Missouri Legislation Aims To Prevent Cities From Banning So-Called ‘Bully Breeds’

Breed-specific legislation unfairly discriminates against certain dog breeds, a state representative says.

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If HB 1811 becomes law, breed specific legislation would not be permitted in the state of Missouri. Via maplegirlie/Flickr
John Virata

Missouri state Rep. Ron Hicks (R-St. Charles County) has introduced legislation that would ban cities in Missouri from enacting bans on Pit Bulls and other dog breeds that some consider to be dangerous. Hicks says breed-specific ordinances discriminate against dog breeds and target all dogs of certain breeds unfairly.

“It’s not the dog. It’s not the breed. It’s the owner,” Hicks told KMBC News. “We should hold the owner responsible for the dog’s action, not the animal.”

Hicks owns a Boxer named Rosie.

House Bill 1811, which passed the House April 14 by a vote of 117-17, would enable local governments to adopt bans on dogs that are unleashed, but wouldn’t allow cities to ban specific breeds of dogs, such as Pit Bulls.

Missouri state Rep. Ron Hicks’ HB 1811 would prevent breed specific legislation in the state. Via End BSL Statewide, Contact Missouri Reps/Facebook

Missouri state Rep. Ron Hicks says breed-specific ordinances target all dogs of certain breeds unfairly. Via End BSL Statewide, Contact Missouri Reps/Facebook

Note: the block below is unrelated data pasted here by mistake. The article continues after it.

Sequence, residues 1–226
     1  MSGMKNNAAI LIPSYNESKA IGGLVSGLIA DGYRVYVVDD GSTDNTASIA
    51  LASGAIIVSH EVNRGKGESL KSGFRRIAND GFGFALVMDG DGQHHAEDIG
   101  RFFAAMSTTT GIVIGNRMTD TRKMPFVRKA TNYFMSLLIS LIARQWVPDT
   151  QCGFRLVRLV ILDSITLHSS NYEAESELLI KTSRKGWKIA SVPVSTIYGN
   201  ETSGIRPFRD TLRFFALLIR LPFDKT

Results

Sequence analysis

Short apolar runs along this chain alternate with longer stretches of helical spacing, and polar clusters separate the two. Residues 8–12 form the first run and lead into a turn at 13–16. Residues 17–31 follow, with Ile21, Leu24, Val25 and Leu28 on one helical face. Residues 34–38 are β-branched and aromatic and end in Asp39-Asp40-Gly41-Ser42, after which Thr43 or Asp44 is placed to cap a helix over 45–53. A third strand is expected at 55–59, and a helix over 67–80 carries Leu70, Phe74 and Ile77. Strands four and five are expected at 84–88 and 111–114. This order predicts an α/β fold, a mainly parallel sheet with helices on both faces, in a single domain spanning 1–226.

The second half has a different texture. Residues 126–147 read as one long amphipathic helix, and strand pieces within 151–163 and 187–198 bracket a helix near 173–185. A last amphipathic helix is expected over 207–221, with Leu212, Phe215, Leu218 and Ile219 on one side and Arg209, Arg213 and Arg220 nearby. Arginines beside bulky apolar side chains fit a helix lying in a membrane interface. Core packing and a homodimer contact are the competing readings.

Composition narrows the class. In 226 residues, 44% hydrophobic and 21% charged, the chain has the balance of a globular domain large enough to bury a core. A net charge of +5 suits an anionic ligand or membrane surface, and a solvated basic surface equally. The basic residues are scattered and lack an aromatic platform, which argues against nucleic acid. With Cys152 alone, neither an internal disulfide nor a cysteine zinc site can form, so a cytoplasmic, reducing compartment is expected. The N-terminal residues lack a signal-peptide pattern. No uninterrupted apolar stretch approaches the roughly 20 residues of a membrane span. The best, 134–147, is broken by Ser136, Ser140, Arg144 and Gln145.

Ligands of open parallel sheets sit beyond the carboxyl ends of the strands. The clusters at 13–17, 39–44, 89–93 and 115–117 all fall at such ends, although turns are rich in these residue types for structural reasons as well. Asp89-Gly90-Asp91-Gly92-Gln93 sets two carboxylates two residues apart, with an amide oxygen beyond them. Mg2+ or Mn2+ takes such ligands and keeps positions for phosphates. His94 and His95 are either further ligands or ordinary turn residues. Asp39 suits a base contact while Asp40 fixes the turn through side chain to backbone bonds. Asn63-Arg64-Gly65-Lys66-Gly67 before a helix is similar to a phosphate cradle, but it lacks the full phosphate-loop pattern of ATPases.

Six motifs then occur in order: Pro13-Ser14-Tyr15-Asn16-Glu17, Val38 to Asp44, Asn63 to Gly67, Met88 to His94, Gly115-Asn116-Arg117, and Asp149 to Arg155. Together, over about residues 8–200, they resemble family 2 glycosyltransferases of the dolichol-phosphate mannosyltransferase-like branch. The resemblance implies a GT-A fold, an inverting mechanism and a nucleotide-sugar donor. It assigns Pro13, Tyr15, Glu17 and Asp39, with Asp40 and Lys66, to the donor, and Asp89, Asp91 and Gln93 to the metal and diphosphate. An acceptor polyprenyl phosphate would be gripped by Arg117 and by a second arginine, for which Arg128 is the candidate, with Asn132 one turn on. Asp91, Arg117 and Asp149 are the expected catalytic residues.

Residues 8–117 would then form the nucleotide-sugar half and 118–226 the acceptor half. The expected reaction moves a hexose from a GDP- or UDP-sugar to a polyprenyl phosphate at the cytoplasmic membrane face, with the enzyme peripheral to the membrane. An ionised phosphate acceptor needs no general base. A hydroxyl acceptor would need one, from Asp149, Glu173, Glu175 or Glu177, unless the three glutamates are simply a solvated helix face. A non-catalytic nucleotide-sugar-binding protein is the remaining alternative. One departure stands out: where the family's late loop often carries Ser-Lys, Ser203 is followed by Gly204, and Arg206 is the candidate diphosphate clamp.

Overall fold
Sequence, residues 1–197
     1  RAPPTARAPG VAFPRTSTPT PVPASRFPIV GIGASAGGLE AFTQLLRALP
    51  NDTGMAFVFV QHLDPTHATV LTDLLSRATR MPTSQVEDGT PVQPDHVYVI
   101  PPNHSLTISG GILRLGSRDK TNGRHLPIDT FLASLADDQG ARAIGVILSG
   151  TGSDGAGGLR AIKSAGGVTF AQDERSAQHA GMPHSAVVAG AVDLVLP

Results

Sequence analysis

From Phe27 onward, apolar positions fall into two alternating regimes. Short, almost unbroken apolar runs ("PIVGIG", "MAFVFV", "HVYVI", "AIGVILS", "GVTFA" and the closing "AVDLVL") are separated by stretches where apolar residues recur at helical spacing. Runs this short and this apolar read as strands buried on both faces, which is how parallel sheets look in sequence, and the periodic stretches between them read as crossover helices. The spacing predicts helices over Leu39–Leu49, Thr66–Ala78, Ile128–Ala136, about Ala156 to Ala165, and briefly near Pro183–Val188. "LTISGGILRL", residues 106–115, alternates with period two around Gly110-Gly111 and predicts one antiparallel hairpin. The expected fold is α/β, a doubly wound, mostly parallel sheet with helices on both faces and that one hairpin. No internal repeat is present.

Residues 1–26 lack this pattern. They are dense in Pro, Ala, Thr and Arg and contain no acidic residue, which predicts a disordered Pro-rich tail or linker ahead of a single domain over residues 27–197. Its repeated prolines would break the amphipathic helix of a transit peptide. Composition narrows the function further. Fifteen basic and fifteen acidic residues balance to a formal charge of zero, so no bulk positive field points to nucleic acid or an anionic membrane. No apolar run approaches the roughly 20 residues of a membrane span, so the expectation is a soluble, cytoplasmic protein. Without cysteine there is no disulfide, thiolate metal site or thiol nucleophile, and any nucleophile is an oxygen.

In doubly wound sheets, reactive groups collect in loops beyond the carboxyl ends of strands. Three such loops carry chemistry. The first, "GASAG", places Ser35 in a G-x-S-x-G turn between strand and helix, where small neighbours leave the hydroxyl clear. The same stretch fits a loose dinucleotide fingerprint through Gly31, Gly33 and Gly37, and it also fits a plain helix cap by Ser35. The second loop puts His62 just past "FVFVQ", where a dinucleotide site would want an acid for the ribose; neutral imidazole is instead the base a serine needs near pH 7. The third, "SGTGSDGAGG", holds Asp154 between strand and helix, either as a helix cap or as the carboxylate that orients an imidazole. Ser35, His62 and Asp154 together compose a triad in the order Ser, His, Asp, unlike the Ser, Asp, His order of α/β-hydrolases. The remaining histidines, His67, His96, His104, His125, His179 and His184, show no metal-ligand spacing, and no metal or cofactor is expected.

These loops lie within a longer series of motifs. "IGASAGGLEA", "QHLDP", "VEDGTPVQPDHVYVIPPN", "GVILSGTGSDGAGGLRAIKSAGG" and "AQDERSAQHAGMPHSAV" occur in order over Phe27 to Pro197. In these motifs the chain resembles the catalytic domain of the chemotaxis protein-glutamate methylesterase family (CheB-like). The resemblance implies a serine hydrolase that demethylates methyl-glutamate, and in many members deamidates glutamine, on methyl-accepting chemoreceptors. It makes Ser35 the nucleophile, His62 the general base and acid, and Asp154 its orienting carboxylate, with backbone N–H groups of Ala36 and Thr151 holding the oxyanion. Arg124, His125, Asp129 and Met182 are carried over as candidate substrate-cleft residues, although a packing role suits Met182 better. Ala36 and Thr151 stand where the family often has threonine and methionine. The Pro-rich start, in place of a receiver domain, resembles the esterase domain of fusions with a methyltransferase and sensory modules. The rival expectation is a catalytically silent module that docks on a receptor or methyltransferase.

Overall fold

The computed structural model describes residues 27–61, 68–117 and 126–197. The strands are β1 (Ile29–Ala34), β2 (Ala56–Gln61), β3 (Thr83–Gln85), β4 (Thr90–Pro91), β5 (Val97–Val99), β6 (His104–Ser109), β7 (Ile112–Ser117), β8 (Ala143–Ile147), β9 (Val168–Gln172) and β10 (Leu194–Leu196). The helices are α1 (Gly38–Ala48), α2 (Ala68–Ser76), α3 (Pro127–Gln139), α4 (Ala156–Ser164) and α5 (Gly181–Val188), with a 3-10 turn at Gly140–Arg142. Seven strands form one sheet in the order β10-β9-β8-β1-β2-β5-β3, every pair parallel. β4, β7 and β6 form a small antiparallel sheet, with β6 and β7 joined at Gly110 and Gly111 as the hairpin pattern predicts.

There are however detractors to Hicks’ legislation, including Richard Sheets, Missouri Municipal League Deputy Director.

“It’s really up to the local level,” Sheets told KMBC News. “I don’t see how the General Assembly can say what’s right for one community, because it’s just a varying situation.”

Currently, 20 states in the country have laws on their books that prohibit cities from passing breed-specific laws, according to Bless The Bullys. Some of these states, though, have what is called a home rule, which enables specific municipalities to enact laws that may have benefit to a particular municipality or city. As such, some cities in these states have breed specific legislation on the books.

House Bill 1811 is now in the hands of the Missouri state senate, which has until May 13 to act on the bill.

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